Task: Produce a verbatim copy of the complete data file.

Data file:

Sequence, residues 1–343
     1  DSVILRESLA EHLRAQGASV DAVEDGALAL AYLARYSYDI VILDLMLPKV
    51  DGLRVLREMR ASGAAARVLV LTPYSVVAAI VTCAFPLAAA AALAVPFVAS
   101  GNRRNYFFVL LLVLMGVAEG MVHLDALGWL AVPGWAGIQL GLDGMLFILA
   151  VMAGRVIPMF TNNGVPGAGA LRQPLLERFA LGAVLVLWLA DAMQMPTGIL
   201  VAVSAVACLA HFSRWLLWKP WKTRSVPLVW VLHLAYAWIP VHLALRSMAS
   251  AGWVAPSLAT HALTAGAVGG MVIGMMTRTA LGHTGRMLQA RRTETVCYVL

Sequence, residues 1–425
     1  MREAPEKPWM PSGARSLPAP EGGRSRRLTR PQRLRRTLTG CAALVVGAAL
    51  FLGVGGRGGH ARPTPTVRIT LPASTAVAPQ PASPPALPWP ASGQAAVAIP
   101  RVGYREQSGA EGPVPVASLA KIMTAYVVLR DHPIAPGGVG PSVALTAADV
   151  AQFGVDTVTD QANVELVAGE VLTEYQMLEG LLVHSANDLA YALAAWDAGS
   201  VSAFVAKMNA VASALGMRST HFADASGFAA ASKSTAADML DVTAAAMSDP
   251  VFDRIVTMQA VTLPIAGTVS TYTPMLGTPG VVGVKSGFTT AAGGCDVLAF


Sequence, residues 1–343
     1  DSVILRESLA EHLRAQGASV DAVEDGALAL AYLARYSYDI VILDLMLPKV
    51  DGLRVLREMR ASGAAARVLV LTPYSVVAAI VTCAFPLAAA AALAVPFVAS
   101  GNRRNYFFVL LLVLMGVAEG MVHLDALGWL AVPGWAGIQL GLDGMLFILA
   151  VMAGRVIPMF TNNGVPGAGA LRQPLLERFA LGAVLVLWLA DAMQMPTGIL
   201  VAVSAVACLA HFSRWLLWKP WKTRSVPLVW VLHLAYAWIP VHLALRSMAS
   251  AGWVAPSLAT HALTAGAVGG MVIGMMTRTA LGHTGRMLQA RRTETVCYVL

Sequence, residues 1–425
     1  MREAPEKPWM PSGARSLPAP EGGRSRRLTR PQRLRRTLTG CAALVVGAAL
    51  FLGVGGRGGH ARPTPTVRIT LPASTAVAPQ PASPPALPWP ASGQAAVAIP
   101  RVGYREQSGA EGPVPVASLA KIMTAYVVLR DHPIAPGGVG PSVALTAADV
   151  AQFGVDTVTD QANVELVAGE VLTEYQMLEG LLVHSANDLA YALAAWDAGS
   201  VSAFVAKMNA VASALGMRST HFADASGFAA ASKSTAADML DVTAAAMSDP
   251  VFDRIVTMQA VTLPIAGTVS TYTPMLGTPG VVGVKSGFTT AAGGCDVLAF